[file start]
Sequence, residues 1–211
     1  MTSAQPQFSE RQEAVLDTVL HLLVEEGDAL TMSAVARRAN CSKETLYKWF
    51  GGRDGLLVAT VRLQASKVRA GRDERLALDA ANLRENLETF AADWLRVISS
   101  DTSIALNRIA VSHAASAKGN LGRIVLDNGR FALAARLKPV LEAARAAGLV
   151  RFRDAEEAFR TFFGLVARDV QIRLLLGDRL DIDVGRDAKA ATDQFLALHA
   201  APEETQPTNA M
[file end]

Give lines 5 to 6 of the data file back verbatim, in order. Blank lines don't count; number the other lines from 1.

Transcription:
   151  RFRDAEEAFR TFFGLVARDV QIRLLLGDRL DIDVGRDAKA ATDQFLALHA
   201  APEETQPTNA M